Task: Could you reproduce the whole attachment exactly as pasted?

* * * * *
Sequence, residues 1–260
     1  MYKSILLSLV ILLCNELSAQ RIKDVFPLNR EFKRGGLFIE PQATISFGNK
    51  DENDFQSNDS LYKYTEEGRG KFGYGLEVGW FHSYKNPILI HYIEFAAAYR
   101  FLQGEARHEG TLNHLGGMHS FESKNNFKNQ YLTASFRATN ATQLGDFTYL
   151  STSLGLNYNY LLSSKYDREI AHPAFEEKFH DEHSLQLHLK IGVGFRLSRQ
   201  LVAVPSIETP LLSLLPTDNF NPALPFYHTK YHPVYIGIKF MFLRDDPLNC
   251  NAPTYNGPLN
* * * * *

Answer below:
Sequence, residues 1–260
     1  MYKSILLSLV ILLCNELSAQ RIKDVFPLNR EFKRGGLFIE PQATISFGNK
    51  DENDFQSNDS LYKYTEEGRG KFGYGLEVGW FHSYKNPILI HYIEFAAAYR
   101  FLQGEARHEG TLNHLGGMHS FESKNNFKNQ YLTASFRATN ATQLGDFTYL
   151  STSLGLNYNY LLSSKYDREI AHPAFEEKFH DEHSLQLHLK IGVGFRLSRQ
   201  LVAVPSIETP LLSLLPTDNF NPALPFYHTK YHPVYIGIKF MFLRDDPLNC
   251  NAPTYNGPLN